BWW Review: FIDDLER ON THE ROOF, Playhouse Theatre
Fiddler On the Roof brings the Menier Chocolate Factory to the Playhouse Theatre. As the audience enters, the walls are bedecked with hangings as drab as most of the costumes - the wardrobe is black, save for prayer shawls and wedding garb.
Birdsong plays a little too sweetly, and Robert Jones's superb set crowds the stage with houses, protruding through the auditorium and seeming to defy the theatre's proscenium set-up. The trees look less than friendly, while the rustic lanterns give an impression of twee invitation: something hums beneath the village idyll.
This is a superb production of Stein, Bock and Harnick's tale of faith and tradition, questioning and change, first seen at the Menier last December. Tevye works and lives in a small Russian village at the turn of the 20th century. He demonstrates great conviction in his faith, tells God of his wishes and "blessings" (five daughters and a perpetually lame horse), and he monologues about tradition.
Despite this faith in how things have always been done, and an ultimately moving stoicism that all is, somehow, being worked for the best, history is not on our protagonist's side. In a haunting progression of glowing love stories, heart-rending familial divisions and xenophobic thuggery, the residents of small-town Anatevka do their best to maintain stability amidst a period of great change.
This production is everything you might expect from a successful transfer of a famous musical, but crucially Trevor Nunn's version avoids strident overacting and instead cuts through to the sense of these people and their values. Most of "If I Were a Rich Man" potters out on a much smaller scale than Topol's iconic rendition; it makes sense, sighing forth from Andy Nyman's labour-exhausted form.
Nyman is endearing and believable as a thoughtful Tevye, who perhaps spends a little too much time alone as he wheels his milk cart, and who adores his daughters. Judy Kuhn also shines under Nunn's intelligent, insightful direction. Her Golde is forceful, yet sympathetic throughout; she and Nyman perform "Do You Love Me?" with great sensitivity.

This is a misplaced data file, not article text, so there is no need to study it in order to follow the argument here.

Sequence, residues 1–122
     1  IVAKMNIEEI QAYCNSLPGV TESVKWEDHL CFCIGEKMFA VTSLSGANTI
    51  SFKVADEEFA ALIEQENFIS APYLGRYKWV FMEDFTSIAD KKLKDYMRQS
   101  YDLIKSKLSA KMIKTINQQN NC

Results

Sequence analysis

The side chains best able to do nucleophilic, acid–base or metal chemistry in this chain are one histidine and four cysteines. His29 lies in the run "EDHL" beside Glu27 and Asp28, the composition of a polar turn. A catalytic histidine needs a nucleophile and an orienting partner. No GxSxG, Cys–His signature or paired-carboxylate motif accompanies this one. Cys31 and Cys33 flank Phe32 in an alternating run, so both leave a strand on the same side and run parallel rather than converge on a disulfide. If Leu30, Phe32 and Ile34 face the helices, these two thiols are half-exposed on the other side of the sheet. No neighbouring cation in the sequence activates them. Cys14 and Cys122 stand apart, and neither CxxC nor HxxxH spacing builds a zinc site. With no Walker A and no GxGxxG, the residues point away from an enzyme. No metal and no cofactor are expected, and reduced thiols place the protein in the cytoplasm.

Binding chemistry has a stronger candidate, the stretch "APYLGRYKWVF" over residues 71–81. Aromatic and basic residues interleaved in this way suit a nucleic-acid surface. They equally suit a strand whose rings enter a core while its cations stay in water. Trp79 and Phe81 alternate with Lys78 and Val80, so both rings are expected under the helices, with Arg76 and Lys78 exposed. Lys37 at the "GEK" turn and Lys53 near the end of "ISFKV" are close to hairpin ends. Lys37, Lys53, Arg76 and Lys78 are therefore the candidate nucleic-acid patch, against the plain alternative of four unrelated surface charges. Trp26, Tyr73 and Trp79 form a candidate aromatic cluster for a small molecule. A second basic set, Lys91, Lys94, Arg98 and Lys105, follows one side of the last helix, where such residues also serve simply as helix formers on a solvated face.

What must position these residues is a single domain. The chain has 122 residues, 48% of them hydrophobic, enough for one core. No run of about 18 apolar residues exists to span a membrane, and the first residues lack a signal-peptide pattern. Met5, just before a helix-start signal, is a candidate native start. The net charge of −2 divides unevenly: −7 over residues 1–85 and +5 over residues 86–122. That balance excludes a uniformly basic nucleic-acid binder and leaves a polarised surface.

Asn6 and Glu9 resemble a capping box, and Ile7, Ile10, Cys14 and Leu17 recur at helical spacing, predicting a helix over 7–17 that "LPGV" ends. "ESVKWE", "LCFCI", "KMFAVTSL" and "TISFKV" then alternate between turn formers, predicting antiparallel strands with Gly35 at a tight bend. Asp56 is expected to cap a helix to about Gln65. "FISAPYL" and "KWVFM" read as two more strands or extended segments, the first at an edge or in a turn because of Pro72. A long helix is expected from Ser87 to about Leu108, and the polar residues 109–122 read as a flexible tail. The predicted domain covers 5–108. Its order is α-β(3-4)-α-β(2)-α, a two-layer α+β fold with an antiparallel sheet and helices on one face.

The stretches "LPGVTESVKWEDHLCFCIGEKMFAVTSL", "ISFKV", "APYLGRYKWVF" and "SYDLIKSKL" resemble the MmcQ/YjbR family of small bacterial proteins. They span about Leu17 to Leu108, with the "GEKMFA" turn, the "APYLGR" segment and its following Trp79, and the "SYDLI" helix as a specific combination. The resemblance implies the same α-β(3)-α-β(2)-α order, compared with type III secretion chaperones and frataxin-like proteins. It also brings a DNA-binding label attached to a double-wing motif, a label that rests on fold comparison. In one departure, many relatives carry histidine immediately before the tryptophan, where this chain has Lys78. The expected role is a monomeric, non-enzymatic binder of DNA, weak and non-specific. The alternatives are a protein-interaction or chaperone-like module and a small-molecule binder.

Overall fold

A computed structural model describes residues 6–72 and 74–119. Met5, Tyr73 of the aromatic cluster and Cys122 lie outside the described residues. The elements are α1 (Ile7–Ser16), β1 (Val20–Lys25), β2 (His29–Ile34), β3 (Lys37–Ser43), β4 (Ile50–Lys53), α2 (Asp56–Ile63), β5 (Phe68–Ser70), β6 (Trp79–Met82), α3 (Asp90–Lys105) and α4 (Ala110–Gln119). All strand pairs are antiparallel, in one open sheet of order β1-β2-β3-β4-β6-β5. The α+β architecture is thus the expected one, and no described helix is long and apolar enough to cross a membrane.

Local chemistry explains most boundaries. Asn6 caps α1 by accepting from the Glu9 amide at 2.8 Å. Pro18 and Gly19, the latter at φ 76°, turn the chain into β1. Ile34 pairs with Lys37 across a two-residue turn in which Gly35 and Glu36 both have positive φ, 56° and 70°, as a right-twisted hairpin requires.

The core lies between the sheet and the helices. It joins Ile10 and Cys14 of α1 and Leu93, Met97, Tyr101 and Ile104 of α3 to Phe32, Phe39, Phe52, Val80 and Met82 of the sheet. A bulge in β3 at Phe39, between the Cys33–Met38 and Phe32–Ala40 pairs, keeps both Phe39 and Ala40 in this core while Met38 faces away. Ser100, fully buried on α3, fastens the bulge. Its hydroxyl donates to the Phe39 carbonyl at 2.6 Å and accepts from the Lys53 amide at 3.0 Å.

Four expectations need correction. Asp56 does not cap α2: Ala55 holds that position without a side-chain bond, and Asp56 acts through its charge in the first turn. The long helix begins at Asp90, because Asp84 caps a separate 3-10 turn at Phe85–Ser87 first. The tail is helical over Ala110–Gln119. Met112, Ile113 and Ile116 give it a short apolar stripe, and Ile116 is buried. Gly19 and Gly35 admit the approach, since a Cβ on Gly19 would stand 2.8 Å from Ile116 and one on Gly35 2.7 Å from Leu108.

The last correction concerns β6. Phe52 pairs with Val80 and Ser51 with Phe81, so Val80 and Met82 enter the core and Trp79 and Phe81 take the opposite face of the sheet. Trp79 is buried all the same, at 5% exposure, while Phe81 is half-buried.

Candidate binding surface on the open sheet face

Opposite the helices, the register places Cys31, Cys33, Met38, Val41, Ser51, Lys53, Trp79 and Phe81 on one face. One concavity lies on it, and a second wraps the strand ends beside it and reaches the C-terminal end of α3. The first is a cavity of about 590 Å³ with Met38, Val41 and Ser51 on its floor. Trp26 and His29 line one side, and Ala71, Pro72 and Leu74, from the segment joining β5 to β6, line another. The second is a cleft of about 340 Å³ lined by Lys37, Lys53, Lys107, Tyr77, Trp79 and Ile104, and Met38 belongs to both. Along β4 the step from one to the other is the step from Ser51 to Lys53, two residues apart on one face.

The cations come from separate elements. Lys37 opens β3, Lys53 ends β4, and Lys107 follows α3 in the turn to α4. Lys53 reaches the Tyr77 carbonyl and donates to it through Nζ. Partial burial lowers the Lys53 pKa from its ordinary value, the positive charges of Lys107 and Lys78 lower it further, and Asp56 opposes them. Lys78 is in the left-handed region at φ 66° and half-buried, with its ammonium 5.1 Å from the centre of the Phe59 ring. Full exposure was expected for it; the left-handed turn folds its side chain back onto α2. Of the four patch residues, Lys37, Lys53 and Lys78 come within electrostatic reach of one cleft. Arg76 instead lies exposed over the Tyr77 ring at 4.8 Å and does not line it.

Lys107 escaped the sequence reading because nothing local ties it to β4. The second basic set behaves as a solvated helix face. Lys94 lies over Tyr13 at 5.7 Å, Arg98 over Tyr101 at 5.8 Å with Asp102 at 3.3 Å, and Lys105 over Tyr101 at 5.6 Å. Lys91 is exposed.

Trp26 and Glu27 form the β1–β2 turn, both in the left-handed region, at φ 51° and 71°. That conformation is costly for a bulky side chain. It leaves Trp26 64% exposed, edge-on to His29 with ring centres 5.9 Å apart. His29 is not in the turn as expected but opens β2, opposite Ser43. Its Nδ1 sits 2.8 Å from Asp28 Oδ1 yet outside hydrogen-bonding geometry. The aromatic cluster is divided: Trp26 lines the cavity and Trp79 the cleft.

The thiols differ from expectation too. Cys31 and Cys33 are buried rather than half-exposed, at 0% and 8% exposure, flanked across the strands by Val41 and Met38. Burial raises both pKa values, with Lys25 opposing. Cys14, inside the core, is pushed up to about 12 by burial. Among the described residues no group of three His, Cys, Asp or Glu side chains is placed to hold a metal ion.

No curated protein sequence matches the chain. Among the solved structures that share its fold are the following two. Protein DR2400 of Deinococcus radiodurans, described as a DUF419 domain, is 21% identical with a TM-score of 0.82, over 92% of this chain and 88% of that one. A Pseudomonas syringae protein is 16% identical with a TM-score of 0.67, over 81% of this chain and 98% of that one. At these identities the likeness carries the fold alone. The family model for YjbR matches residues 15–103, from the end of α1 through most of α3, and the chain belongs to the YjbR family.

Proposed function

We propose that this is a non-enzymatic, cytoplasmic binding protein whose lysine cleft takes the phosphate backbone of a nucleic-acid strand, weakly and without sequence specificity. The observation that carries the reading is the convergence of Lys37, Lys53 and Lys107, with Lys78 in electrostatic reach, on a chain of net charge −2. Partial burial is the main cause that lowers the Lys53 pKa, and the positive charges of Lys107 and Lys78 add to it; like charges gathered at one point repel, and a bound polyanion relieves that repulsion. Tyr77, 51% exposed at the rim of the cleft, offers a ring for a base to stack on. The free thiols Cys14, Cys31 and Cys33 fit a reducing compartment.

The company's singing is beautiful; the choral numbers help to convey quite what bliss is being disturbed, even as some lines jar horribly and insist upon the progress so desired by Tevye and Golde's daughters.
Matt Cole's work on Jerome Robbins's original choreography milks the famous bits gloriously - the bottle dance grows steadily more wonderful and otherwise highlights the vital culture of this piece. The superbly executed movement supports the detail and style of this quintessentially Jewish, hilarious and riveting tragedy.
Nyman and Kuhn particularly shine, but Nunn's cast as a whole consistently achieves an impressive attention to detail and avoidance of cliché - without breaking too far from that all-important theatrical tradition. Fenton Gray's portrayal of the rabbi turns a tiny part into gold, and Stewart Clarke makes unusual sense of the sometimes cloying "Now I Have Everything".
Otherwise, there are few surprises, other than unusual degrees of sincerity. The music is wonderful. The daily absurdities of home and village are still hilarious, while the stings of prejudice and division sting as raw as ever. This well-deserved and beautifully executed transfer offers some of the best of classic musical theatre by some of its greatest current talent.
Photo credit: Johan Persson